“People make decisions regarding the probabilities that govern relationships between entities (e.g., people and categories) based on the degree to which one is representative of the other” (Moskowitz, 2005, p. 142-143).  Further, Moskowitz (2005) provides that this heuristic implies a “if it looks like a duck, and quacks like a duck, it must be a duck” (p. 143) rule.  In general judgments and categorizing representativeness is a cognitive time saver because general judgments relating to simple categories, such as categorizing a dog from a description of a small animal with four legs that barks, would make sense (Kahneman & Miller, 1986).  The problem occurs when the judgments relate to more important decisions and our personal experiences, from which our representative schemas are made, are nonrepresentative of the larger world categories or, even if they are representative, the base rate information is ignored by the perceiver (Gilovich & Griffin, 2010).

Example.  My son attends a private Christian school.  I work full-time to pay for his tuition and it is a significant struggle.  I often wish I had the luxury of being home for him when he comes home from school.  However, I have met many of his classmates’ parents who seem happily married, and the majority of which have mothers who are stay at home moms.  Until this week, I had not realized my feelings and judgment regarding this matter were directly affected by the representativeness heuristic, as well as the availability heuristic.  Due to my direct proximate experience with mothers of school age children who are stay at home moms, I jumped to the erroneous conclusion that most mothers of children in school are stay at home moms.  I had completely ignored the base rate information, the actual percentages of happily married families, with stay at home mothers in Southern California, much less nationwide.

Outcome.  The original outcome of this judgment was that I felt badly because I am unable to stay at home for my son and pay for his tuition, when it seemed that the majority of other families had found a way to accomplish this tremendous feat.  Ergo, there must be something wrong with me and/or the way my family was providing for my son.  Although I had been aware of this heuristic prior to this week, I had not applied it to my judgments in this regard.  Admittedly, I now feel both better and worse.  I feel better emotionally realizing that my error was judgment related, not parenting related.  I feel a little worse because I fell victim to this logical error, although, quite a number of professional decision makers also fall victim to this error as well (Gilovich & Griffin, 2010).  Several research studies with graduate students and/or students from Harvard have also made representative errors as well (Gilovich & Griffin, 2010).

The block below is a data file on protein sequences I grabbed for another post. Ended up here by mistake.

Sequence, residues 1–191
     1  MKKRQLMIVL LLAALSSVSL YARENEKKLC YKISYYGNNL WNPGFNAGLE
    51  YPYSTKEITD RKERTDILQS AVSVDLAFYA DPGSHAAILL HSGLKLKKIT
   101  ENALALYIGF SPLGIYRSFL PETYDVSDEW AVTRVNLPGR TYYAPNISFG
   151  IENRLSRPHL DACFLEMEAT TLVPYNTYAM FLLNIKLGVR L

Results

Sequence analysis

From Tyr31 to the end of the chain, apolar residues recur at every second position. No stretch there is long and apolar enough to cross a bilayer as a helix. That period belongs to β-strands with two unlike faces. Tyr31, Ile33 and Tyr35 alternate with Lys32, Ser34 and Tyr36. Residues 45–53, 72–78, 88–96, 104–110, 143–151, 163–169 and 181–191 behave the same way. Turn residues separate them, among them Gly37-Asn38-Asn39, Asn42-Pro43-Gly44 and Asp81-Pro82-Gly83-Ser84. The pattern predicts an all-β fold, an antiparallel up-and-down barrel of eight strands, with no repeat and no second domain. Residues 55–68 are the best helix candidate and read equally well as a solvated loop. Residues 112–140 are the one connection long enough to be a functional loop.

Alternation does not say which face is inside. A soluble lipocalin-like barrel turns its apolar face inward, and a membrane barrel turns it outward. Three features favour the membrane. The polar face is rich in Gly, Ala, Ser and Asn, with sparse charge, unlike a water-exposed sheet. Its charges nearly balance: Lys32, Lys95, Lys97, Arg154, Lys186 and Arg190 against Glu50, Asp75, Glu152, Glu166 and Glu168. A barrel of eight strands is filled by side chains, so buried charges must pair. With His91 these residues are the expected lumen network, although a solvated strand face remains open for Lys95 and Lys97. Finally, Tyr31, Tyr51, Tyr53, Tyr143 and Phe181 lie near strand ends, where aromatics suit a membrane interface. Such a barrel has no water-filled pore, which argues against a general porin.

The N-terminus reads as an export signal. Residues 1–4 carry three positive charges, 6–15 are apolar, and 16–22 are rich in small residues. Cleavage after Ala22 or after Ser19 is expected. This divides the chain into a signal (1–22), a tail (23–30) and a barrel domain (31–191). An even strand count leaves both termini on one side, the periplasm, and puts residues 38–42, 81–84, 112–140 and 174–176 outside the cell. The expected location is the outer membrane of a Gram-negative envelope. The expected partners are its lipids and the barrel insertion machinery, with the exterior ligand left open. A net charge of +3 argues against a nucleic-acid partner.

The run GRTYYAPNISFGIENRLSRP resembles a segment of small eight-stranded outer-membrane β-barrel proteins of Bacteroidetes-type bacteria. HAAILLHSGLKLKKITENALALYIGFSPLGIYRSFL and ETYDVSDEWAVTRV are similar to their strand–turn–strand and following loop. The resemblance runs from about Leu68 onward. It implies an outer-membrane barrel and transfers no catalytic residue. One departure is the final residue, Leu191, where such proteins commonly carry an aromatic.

Recognition of Utilization

Two ways I can recognize my use of heuristics in the future are (1) become more aware of the various types of heuristics, including as within this discussion post, identifying specific times that I have actually used them; and, (2) seek out feedback from others also familiar with heuristics and run by scenarios with them to ensure I am not committing the same errors in judgment.  Further, especially as relates to the representativeness heuristic and the availability heuristic (not specifically discussed herein), taking a step back and analyzing the decision, probabilities, etc. from other perspectives may also help.  Accordingly, research has found that when classic heuristic problems are presented in a frequency rather than probability format, the logic errors are diminished significantly (Hazelton et al., 2009).



Bargh, J. A., Gollwitzer, P. M., & Oettingen, G. (2010). Motivation. In S. T. Fiske, D. T. Gilbert, & G. Lindzey (Eds.), Handbook of social psychology (5th ed., pp. 268-316). Hoboken, NJ: John Wiley & Sons, Inc..

Fiske, S. T. (2010). Social beings: Core motives in social psychology (2nd ed.). Hoboken, NJ: Wiley.

Gilovich, T. D., & Griffin, D. W. (2010). Judgment and decision making. In S. T. Fiske, D. T. Gilbert, & G. Lindzey (Eds.), Handbook of social psychology (5th ed., pp. 542-588). Hoboken,  NJ: John Wiley & Sons, Inc..

Hazelton, M. G., Bryant, G. A., Wilke, A., Frederick, D. A., Galperin, A., Frankenhuis, W. E., & Moore, T. (2009, October). Adaptive rationality: An evolutionary perspective on cognitive bias. Social Cognition, 27(5), 733-763. Retrieved from http://commonsenseatheism.com/wp-content/uploads/2011/05/Haselton-Adaptive-rationality-an-evolutionary-perspective-on-cognitive-bias.pdf

Kahneman, D., & Miller, D. T. (1986). Norm theory: Comparing reality to its alternatives. Psychological Review, 93(2), 136-153. Retrieved from http://www.bm.ust.hk/~mark551/readings/T4bR5_kahneman1986.pdf

Miller, D. T., Turnbull, W., & McFarland, C. (1989). When a coincidence is suspicious: The role of mental simulation. Journal of Personality and Social Psychology, 57(4), 581-589. http://dx.doi.org/10.1037//0022-3514.57.4.581

Moskowitz, G. B. (2005).  Social cognition: Understanding self and others.  New York, NY: Guilford Press.